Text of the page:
In some cases, dogs may develop an acquired ectropion as a result of allergies triggering allergic conjunctivitis, explains veterinarian Dr. Michael Salkin. If that's the case, then a steroid-containing ophthalmic ointment can help but a vet should always be consulted first as eye products containing steroids can cause significant damage if the dog is suffering from certain eye disorders.

Other possible causes for acquired ectropion include trauma to the eyelid, inflammation of the eyelid (blepharitis), old age (due to loss of muscle tone) and paralysis of the facial nerves.

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At the Vet's Office

droopy eyelids

If the eyes are not giving too many many problems, the eyes can be kept clean by using saline solution or artificial tears. Vets may prescribe a combination of anti-inflammatory eye drops and products meant to keep the eyes lubricated (like ointments or gels). If the affected dog develops intermittent infections, antibiotic eye drop preparations may temporarily resolve them.

When ectropion is present and causes persistent problems such as redness and excessive weeping, affected dogs may benefit from surgical correction. Surgical correction is mostly done by a veterinarian specializing in eye problems, preferably a board-certified veterinary ophthalmologist.

A common surgical procedure used is what's known as "simple wedge resection."Your vet will have to provide a referral to a specialist for this. In this procedure, up to 1/3 of the dog's eyelid margin may be removed.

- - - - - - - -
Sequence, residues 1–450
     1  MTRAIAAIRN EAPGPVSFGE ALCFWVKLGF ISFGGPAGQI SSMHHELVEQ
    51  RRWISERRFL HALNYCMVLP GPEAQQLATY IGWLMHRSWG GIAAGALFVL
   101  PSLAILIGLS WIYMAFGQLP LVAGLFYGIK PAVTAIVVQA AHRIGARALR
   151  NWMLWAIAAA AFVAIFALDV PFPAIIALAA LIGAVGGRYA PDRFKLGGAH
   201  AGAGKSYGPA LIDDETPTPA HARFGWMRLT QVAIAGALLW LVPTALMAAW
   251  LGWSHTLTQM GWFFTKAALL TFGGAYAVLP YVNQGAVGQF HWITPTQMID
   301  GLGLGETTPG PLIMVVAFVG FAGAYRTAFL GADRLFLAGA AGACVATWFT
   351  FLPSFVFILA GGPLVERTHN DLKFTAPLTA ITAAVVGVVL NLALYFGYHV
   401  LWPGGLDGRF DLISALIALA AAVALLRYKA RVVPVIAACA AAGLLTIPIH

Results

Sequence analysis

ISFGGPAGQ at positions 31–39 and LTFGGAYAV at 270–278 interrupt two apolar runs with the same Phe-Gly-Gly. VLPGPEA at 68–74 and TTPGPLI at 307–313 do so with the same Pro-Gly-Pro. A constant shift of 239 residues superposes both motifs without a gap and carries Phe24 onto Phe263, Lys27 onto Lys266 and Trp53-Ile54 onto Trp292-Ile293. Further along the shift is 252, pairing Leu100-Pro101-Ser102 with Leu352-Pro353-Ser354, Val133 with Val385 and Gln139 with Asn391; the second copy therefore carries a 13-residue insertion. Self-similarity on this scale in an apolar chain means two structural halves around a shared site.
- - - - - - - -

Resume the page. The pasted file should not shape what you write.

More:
Following surgery, your vet will suggest the use of an Elizabethan collar. Topical antibiotics may be prescribed and stitches are then removed generally within 10 to 14 days.

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A Word for Dog Breeders

In an ideal situation, the dog's eyelids rest nicely against the globe forming an almond-shaped opening to house the eye. The size, shape and laxity of the dog's eyelid opening is a breed-related variable. Ectropion is therefore often seen in dogs with prominent positioned eyes and significant facial skin folds.

In many cases, the ectropion is clinically insignificant, and even considered normal in certain breeds; however, as mentioned, problems start when it causes problems.

In bloodhounds, ectropion is reported to occur in 30. 63 percent (source Veterinary Medical Guide to Dog and Cat Breeds).

Because ectropion has a strong connection to genetics, it important that breeders take notice of dogs with droopy lower eyelids and avoid breeding specimens affected by this eye disorder and its secondary complications.

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References:

  • Merck Veterinary Manual, Eyelids
  • DVM360: Genetic ocular problems: what breeders know that you need to know (Proceedings)
  • Veterinary Medical Guide to Dog and Cat Breeds, Book by Francis W. K. Smith, Jr., Jerold Bell, Kathleen Cavanagh, and Larry P. Tilley

  • Muller and Kirk's Small Animal Dermatology - E-BOOK By William H. Miller, Craig E. Griffin, Karen L. Campbell